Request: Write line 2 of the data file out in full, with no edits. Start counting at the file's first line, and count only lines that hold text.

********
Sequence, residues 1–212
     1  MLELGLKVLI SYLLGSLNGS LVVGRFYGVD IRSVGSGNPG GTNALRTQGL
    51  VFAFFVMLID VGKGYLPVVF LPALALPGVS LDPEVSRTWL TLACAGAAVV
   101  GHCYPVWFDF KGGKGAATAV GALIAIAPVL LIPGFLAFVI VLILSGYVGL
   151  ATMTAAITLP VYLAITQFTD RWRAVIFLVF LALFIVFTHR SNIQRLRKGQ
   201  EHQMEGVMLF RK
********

     1  MLELGLKVLI SYLLGSLNGS LVVGRFYGVD IRSVGSGNPG GTNALRTQGL